“Global climate models have become more complete over the years as computer power and our understanding of climate change has increased. The biggest advances in recent years – and where further advances are still needed – have been in our representation of how clouds, oceans, sea ice and climate interact with life on Earth. The resulting climate projections have demonstrably improved over recent years. Further improvements are necessary and achievable.”

Prof John Christy, University of Alabama

“There are so many complex and poorly understood processes in the climate system that long-term predictions should always be suspect. For example, there are large unknowns in our understanding of how the climate responds when it’s heated or cooled. This is directly related to clouds and rain – the two things climate models do a poor job of imitating. Recent observations indicate the climate is not as sensitive to increasing CO2 as is popularly believed, because clouds apparently react to keep the climate from going awry.
“What we need is more fundamental research focused on observational data. Our ignorance of the climate system is astounding. For example, we don’t have a global observation system that provides data from which we can determine the interplay of all of the climate factors. This is a fundamental requirement if we are going to improve climate models. Understanding what the climate does, and why, will lead to more reliable computer models.”

What the models predict for the future weather in the UK

2020 If greenhouse gas emissions remain relatively high, annual temperatures over the whole of the UK are likely to rise by approximately 0.5°C over the next 10 years.
2080 By 2080, marked regional differences are likely to emerge, with temperatures in the most densely populated South-East of England rising by as much as 3.5°C.

2020 Assuming relatively high greenhouse gas emissions, computer models predict that annual rainfall levels could drop by 10 per cent across a broad swathe of the UK by 2020, increasing drought risk.
2080 Most of the UK could face a higher risk of drought by 2080, through much drier summers in England, Wales and Ireland. However, eastern regions can also expect to see more rain
in winter.

Climate crunchers

The supercomputers that recreate the real world to predict what the weather will do in the future

Predicting the future of the climate is one of the toughest problems in all of science – and that demands incredible computing power. The computer models work by mathematically slicing and dicing the entire surface of the Earth, complete with mountains, oceans and the atmosphere, into billions of ‘cells’, all of which interact with each other according to the laws of physics and chemistry.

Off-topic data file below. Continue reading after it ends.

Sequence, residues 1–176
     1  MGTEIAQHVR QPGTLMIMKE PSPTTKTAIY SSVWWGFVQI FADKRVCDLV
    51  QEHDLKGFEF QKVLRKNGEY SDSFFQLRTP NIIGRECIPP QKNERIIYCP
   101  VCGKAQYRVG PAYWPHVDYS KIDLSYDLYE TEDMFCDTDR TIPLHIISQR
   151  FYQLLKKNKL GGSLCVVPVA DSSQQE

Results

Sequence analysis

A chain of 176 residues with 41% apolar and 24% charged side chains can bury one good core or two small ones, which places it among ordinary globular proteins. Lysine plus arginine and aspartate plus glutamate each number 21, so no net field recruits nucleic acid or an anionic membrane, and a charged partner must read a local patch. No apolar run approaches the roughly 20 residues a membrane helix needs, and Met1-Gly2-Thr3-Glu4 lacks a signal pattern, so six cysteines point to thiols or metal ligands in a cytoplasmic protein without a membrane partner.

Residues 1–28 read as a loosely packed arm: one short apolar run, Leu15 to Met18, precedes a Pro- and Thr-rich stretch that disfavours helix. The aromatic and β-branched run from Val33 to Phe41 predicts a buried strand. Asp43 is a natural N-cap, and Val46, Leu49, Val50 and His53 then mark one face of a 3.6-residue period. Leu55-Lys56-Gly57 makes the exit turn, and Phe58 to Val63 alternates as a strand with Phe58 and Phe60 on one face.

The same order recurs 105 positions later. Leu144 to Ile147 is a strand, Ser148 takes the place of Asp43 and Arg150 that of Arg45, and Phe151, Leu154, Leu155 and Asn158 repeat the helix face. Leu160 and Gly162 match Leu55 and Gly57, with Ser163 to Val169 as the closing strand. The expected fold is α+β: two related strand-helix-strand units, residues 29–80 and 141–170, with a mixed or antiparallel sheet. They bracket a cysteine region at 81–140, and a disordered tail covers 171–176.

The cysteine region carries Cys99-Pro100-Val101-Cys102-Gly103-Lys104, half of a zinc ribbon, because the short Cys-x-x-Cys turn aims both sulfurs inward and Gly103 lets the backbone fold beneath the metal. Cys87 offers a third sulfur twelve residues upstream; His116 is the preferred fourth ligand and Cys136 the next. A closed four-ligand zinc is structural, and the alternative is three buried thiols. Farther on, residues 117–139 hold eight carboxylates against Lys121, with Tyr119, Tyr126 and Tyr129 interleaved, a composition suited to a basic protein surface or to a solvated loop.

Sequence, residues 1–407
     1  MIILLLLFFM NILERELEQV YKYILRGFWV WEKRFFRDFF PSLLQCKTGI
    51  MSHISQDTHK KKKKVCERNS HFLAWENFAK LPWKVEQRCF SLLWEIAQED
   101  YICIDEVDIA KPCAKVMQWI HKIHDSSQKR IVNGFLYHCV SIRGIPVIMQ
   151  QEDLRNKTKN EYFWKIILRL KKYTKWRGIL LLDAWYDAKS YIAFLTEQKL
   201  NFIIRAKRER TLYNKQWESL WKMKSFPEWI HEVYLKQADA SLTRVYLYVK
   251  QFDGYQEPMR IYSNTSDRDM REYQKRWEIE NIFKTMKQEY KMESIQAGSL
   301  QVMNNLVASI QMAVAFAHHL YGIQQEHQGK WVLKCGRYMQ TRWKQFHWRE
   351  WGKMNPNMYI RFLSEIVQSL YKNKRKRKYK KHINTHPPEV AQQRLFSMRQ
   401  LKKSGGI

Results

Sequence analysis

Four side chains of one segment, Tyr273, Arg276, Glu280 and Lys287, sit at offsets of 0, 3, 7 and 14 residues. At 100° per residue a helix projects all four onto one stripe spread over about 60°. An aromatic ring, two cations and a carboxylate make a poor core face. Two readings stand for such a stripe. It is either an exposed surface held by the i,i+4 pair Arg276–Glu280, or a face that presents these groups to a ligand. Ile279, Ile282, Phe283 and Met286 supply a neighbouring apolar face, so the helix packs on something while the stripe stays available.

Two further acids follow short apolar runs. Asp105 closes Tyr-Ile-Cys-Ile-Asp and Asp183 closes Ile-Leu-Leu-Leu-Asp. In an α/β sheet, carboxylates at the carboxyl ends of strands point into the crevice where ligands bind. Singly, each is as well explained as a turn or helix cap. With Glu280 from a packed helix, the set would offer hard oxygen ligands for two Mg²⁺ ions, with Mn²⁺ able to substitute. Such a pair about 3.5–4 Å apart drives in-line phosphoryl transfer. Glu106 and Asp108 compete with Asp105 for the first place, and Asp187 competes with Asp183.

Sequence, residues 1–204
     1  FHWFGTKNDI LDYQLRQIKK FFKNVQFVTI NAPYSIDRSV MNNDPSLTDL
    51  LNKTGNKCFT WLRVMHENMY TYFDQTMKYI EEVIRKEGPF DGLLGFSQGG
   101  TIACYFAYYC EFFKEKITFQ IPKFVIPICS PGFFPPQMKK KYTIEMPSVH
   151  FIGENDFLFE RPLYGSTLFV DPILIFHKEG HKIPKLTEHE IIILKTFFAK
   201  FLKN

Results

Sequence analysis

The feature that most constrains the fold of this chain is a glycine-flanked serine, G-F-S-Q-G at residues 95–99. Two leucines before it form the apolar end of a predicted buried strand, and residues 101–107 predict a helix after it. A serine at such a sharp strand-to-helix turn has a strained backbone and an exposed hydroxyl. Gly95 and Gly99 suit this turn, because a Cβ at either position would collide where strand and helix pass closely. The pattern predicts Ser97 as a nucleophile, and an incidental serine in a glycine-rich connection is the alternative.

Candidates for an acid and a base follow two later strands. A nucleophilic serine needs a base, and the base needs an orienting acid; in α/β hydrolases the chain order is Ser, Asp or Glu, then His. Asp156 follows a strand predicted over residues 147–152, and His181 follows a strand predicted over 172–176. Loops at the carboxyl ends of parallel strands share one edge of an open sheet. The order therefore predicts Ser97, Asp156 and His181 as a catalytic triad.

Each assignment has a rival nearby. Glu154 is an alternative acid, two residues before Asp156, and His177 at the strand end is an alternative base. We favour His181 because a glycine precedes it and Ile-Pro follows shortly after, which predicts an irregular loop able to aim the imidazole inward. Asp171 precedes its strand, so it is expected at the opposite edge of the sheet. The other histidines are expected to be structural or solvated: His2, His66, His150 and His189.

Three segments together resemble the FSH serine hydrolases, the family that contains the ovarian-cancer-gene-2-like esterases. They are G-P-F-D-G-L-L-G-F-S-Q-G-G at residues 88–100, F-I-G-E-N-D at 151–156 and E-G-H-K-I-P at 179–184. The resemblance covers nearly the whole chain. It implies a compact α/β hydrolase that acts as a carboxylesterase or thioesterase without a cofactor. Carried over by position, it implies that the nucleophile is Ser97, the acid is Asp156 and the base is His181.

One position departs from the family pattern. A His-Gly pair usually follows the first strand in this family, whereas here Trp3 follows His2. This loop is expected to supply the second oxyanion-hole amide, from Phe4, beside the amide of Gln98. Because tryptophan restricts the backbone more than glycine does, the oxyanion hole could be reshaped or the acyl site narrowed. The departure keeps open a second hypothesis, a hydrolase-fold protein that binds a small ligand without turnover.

Studying the effects requires computing behemoths like the machine now being installed at the Met Office’s headquarters in Exeter. Sitting in an air-conditioned building, the supercomputer is an array of interlinked processors whose combined power is equivalent to 100,000 home computers. When the machine reaches full power in 2011, it will be capable of a peak speed of a million billion operations per second. Yet even this isn’t enough to give the level of detail needed for reliable predictions about climatic change for individual countries. So earlier this year, climate scientists called for an international effort in order to create a ‘hypercomputer’ several thousand times faster even than the Met Office’s new machine in the Hadley Centre.

Your humble home PC can make climate predictions too

You don’t need a supercomputer to try climate modelling. Your PC is enough – once it’s teamed up with thousands of others across the world. Since 2003, around 150,000 PC owners have joined the project, set up by Dr Myles Allen of Oxford University to create the world’s most powerful climate model. It works by exploiting the computing power of PCs when they’re sitting around doing nothing. So far it has notched up the equivalent of 35 million years of run-time, allowing climate experts to investigate a host of ‘what if?’ scenarios. The project has shown how even slight changes in starting conditions can lead to dramatically different forecasts of future global temperature rises, ranging from less than 2°C to over 11°C.

Find Out More

Climate model that’s pooling the power of thousands of computers
Reicher and Kim report into the effectiveness of climate models
A comparison study of climate models and tropical temperature trends
Computer models run by the Met Office